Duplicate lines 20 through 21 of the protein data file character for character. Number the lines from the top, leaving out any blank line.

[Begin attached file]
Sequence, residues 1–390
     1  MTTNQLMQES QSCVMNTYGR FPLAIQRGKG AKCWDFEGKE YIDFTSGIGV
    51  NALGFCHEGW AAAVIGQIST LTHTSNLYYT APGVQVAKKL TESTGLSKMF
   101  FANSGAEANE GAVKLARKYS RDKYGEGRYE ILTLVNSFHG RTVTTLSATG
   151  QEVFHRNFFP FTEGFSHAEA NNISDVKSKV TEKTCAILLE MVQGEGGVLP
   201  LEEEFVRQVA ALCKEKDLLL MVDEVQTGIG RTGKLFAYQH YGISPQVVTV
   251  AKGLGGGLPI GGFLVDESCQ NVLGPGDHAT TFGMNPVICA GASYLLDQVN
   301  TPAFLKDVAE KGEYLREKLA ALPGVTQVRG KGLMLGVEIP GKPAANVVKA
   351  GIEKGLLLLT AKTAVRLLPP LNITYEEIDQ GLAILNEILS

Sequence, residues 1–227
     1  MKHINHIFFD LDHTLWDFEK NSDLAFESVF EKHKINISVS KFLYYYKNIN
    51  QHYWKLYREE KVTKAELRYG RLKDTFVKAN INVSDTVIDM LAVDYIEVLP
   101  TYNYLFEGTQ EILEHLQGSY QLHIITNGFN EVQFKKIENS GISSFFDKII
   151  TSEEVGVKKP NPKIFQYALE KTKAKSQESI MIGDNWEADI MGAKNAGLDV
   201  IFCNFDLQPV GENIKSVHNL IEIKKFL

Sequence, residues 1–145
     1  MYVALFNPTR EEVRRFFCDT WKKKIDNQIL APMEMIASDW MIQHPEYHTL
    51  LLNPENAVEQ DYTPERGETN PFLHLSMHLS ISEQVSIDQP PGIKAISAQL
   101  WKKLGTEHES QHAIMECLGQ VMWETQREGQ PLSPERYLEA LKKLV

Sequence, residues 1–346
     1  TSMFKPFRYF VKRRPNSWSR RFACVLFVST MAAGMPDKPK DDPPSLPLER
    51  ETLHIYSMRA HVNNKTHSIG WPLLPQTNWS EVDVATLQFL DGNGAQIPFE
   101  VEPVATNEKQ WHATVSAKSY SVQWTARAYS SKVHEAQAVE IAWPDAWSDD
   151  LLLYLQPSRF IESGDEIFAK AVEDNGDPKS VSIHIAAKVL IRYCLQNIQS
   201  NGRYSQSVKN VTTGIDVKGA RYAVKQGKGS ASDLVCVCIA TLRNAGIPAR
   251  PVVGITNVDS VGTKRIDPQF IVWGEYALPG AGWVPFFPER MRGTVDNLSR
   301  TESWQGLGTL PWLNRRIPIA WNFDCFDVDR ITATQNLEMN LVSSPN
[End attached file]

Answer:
Sequence, residues 1–346
     1  TSMFKPFRYF VKRRPNSWSR RFACVLFVST MAAGMPDKPK DDPPSLPLER